Everything seemed like a blur caught up in a continuum of uncertainty – academics, family life, social circles,(at least my love life was brimming with hope), and the future.

Especially the future. I had always been weary of change – which is but the feeling of starting things over again from scratch and working your way up, that’s what change is, isn’t it? Even though we say change happens for “good” – we’re but merely blinded by our illusions of the multiple possible routes our life might take, and in that process forgetting the fact that every time change comes ’round the corner we go back to square one. It’s like the refresh button in your PC, except in reality change refreshes the whole programming or coding of what was to be your life, with a clouded image of what your life is going to be. If change is the constant – uncertainty is the answer.

Parasitically stillness spread its roots for about a month or so during when all I did was sit idly, procrastinating and rambling about how A-Levels was such a drag. I felt very astral –  out of my element so to speak and my very existence seemed to be frozen in time. Seconds, minutes, days,  and weeks, all seemed the same – tasteless and numb.

However,the back of my mind did scream optimistically, “there is an answer and a way out of this chaos,find it! or you’ll be caught up in this prevailing void of silence”.


Hello, North.


A 60 day account of my journey to the capital of India – Delhi.


A-Levels was such a drag.

I started out in 2013 when I was 17 and now I was 20 – soon 21. Failure was something of a common theme in my life – something I knew very well and sometimes better than those that called themselves my friends. However, I was happy that I had explored a range of subjects – biology, chemistry, physics, applied computers, food science, psychology, sociology, art and deign and literature. I was a jack of all trades or rather I felt like the master of Jack himself.

Finally my choice of subjects boiled down to the humanities after I refused to take my biology and chemistry exams in 2015 and flunked them in 2016. There was something amiss though , I felt that if I continued at school – where all of us were moving at this stupendously sluggish pace, I would age well into my early 30s! So I decided to leave which caused a butterfly effect as so did my at the time girlfriend, and a bunch of other senior students. It must’ve been quite a loss for a school of 50 to have 15 of us slide off like an avalanche – just like that. Gone.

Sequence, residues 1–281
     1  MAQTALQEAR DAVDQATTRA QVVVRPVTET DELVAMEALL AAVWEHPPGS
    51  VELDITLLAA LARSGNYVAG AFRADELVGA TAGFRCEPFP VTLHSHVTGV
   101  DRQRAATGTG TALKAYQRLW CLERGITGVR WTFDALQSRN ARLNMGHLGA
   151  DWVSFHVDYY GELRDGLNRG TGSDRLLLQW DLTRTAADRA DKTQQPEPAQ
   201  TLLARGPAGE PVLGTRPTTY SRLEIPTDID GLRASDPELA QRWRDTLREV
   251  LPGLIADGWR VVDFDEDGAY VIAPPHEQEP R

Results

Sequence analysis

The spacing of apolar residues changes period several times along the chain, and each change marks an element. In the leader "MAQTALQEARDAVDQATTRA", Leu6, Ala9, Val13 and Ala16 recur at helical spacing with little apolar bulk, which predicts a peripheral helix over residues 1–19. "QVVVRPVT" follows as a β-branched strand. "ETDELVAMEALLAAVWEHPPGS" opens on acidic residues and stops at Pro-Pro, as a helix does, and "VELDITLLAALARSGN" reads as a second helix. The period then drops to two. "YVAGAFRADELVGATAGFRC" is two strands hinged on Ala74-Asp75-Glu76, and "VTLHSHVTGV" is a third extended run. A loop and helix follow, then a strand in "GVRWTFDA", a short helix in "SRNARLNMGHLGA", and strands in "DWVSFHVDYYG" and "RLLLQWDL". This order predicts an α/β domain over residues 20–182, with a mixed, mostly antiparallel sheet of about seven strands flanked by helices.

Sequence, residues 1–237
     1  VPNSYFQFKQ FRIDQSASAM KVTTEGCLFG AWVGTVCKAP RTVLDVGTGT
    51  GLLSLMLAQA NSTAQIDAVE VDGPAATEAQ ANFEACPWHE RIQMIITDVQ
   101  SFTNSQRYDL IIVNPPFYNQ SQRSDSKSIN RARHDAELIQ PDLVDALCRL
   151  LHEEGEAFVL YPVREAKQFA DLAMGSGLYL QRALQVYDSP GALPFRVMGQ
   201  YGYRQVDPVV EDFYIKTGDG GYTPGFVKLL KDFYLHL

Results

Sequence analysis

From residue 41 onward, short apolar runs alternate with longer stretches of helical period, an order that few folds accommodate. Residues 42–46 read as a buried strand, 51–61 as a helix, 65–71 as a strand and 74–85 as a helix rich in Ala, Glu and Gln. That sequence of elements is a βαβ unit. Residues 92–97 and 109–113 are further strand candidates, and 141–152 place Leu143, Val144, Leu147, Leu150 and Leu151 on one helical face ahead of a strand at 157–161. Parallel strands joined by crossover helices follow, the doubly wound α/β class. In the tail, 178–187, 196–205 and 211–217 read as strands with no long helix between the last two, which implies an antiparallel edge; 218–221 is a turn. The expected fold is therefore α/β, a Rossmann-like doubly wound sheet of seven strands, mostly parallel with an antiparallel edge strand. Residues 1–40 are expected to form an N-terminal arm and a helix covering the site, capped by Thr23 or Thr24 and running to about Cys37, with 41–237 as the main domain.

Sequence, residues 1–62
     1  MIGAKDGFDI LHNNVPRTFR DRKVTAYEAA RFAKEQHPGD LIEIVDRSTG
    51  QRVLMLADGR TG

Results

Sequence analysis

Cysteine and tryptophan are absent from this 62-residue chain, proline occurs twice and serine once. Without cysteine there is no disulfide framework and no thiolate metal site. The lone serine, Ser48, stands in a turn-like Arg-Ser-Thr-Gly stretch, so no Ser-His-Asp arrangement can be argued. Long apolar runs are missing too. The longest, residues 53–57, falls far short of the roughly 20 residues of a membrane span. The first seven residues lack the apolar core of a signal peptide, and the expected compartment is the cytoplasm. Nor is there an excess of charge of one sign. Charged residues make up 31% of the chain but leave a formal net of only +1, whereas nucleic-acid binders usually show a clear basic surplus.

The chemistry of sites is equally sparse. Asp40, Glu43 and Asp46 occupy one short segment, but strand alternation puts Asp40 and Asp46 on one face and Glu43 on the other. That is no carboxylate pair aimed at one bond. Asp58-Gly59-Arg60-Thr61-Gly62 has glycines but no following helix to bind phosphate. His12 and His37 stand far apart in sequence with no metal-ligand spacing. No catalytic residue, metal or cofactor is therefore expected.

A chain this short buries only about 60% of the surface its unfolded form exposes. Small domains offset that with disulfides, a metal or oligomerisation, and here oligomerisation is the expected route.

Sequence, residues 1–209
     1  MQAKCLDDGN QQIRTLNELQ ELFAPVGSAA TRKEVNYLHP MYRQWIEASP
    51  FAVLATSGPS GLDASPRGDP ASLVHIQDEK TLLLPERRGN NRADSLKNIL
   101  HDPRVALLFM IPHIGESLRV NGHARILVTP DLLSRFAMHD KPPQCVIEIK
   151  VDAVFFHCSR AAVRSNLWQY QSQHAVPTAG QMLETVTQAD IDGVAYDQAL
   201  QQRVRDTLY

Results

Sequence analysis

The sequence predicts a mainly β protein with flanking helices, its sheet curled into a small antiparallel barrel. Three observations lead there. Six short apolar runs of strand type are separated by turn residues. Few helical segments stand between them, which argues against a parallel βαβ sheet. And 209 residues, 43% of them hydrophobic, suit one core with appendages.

I felt quite dreary and  exhausted having studied in the same school for nearly a decade! Ha at least my sister will beat my record. I was glad that I had made this decision because now I would not be a ‘product’ of a school, and all my certificates at 12th grade would spell out loud the words ‘Private Candidate’!

Funnily enough within six months of preparation I appeared for my exams and, guess what?                                                                                                                                                         I did well in English Literature, just passed sociology and flunked psychology! So the cycle repeats itself once more…

Of course there was an outburst at home and a sea of tears – as is the case, in 90 percent of Indian homes whether the son/daughter did exceedingly well (my sister) or were an academic disaster (me), and this time I was not alone. My sister (thank God) had sadly failed too – for I have never ever, ever known a time when she got anything below a higher A or B. This time my parents were dead serious with me and there was talk about throwing me out the house or even worse disowning me – well the former was just a nicer way of putting the latter.

Anyway I told myself – “I was made for learning, not donkey work (studying).”